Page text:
- Always use a broad-spectrum sunscreen with a sun protection factor (SPF) of 30 or higher (see product label), even on cloudy days; apply generous amounts and reapply every two hours (more often after swimming or other exercise)
- Limit time in the sun when rays are strongest (between 10 a.m. and 4 p.m.)
- Seek shade (especially when you can’t see your shadow, or when your shadow’s length is less than your height)
- Avoid getting sunburned
- Wear clothes with a tight weave that cover your skin (look for “sun protective” clothing and laundry-treatment products made specifically for protection against UV rays; check with your dermatologist about these products)
- Avoid deliberate tanning in the sun
- Do not use tanning beds and sunlamps, as these also emit UV radiation
- Protection from the sun should begin in childhood
Risk Factors for Skin Cancer
- Family or personal history of skin cancer
- A history of sun exposure (for example: outdoor employment, tanning)
- A history of severe, blistering sunburn(s), particularly in childhood or teenage years
- Sun sensitivity (sunburning easily)
- While people of all colors can develop skin cancer, light-skinned people, especially those who freckle easily, are at higher risk
- Men are slightly more likely to develop skin cancer than women
- Living in geographic locations that are exposed to high levels of the sun’s UV rays, such as New Mexico
- A suppressed immune system caused by immunosuppressive medications or immune compromising diseases
- Specific to non-melanoma: occupational exposure to chemicals such as arsenic, industrial tar, coal, paraffin, and mineral oils; exposure to radiation treatment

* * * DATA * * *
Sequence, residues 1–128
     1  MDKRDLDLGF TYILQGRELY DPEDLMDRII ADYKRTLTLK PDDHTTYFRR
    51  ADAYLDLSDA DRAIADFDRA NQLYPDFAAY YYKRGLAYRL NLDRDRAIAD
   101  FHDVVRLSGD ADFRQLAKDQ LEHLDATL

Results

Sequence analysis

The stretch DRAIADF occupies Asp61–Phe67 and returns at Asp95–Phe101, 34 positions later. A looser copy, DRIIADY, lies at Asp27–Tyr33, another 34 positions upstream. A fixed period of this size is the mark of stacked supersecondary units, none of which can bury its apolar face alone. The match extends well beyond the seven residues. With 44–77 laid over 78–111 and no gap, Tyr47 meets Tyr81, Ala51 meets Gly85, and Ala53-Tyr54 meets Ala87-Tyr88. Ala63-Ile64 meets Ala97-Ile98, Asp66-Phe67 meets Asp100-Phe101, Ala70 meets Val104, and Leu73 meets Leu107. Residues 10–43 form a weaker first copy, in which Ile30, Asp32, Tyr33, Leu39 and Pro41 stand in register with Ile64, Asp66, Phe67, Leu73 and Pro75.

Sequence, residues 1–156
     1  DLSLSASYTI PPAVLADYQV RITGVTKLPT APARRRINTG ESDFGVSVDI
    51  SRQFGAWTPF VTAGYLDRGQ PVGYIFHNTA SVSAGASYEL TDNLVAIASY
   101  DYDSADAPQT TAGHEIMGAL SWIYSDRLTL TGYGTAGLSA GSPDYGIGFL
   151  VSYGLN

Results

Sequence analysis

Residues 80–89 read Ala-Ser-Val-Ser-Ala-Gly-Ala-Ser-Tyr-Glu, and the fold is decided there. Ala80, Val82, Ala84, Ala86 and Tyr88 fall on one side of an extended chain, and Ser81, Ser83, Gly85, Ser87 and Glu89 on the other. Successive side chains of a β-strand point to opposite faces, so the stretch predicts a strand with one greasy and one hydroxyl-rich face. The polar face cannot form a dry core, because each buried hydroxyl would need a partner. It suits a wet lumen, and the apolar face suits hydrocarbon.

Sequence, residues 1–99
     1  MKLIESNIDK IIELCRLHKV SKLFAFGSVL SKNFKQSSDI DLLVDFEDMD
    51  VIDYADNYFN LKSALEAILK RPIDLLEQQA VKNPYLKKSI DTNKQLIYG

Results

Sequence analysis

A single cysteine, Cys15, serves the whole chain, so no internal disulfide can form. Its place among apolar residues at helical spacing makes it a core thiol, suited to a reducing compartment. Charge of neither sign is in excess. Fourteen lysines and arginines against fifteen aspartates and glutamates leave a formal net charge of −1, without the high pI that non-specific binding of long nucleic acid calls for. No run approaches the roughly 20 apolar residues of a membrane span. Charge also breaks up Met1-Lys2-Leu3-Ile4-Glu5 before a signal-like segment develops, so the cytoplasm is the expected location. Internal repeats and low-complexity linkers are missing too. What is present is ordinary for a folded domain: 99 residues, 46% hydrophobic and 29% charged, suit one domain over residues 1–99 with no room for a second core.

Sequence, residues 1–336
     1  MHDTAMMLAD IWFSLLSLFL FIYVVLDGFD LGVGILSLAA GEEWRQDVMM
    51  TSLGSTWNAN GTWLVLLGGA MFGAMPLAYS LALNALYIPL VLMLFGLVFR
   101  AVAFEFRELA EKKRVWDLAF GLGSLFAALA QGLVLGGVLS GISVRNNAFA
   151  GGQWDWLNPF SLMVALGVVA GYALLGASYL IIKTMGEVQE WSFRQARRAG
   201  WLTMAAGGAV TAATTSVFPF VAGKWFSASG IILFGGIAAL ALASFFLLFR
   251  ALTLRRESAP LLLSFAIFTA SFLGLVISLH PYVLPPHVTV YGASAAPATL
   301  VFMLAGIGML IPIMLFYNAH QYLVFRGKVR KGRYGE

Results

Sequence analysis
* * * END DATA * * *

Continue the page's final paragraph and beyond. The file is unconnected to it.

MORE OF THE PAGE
- Specific to melanoma: having many moles or having large (pencil-eraser sized) moles
Prevention and Early Detection are Vitally Important!
Taking preventive action against the harmful effects of UV rays is a major step to significantly decreasing the risk of skin cancer. Additionally, early detection of signs of skin cancer is crucial for preventing its spread. See a dermatologist immediately if you recognize any possible signs of skin cancer.
How To Do a Skin Self-Exam*
You can improve your chances of finding skin cancer promptly by performing a simple skin self-exam regularly.
The best time to do this self-exam is after a shower or bath. You should check your skin in a well-lighted room using a full-length mirror and a hand-held mirror. It’s best to begin by learning where your birthmarks, moles, and blemishes are and what they usually look like. Check for anything new–a change in the size, texture, or color of a mole, or a sore that does not heal.
Check all areas, including the back, the scalp, between the buttocks, and the genital area.
- Look at the front and back of your body in the mirror, then raise your arms and look at the left and right sides.
- Bend your elbows and look carefully at your palms; forearms, including the undersides; and the upper arms.
- Examine the back and front of your legs. Also look between your buttocks and around your genital area.
- Sit and closely examine your feet, including the soles and the spaces between the toes.
- Look at your face, neck, and scalp. You may want to use a comb or a blow dryer to move hair so that you can see better.
By checking your skin regularly, you will become familiar with what is normal. If you find anything unusual, see your doctor right away. Remember, the earlier skin cancer is found, the better the chance for cure.
*From the National Cancer Institute (www.cancer.gov)
- American Academy of Dermatology
- American Cancer Society
- Centers for Disease Control and Prevention
- National Cancer Institute
- Skin Cancer Foundation
The information provided in this publication is only intended to be general summary information to the public. The primary purpose of this publication is educational. Nothing contained in this publication is, or should be considered or used, as a substitute for medical advice, diagnosis or treatment.
Special thanks to the members of the Agricultural Communications pre-press unit for their assistance with this publication.
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Printed and electronically distributed July 2005, Las Cruces, NM.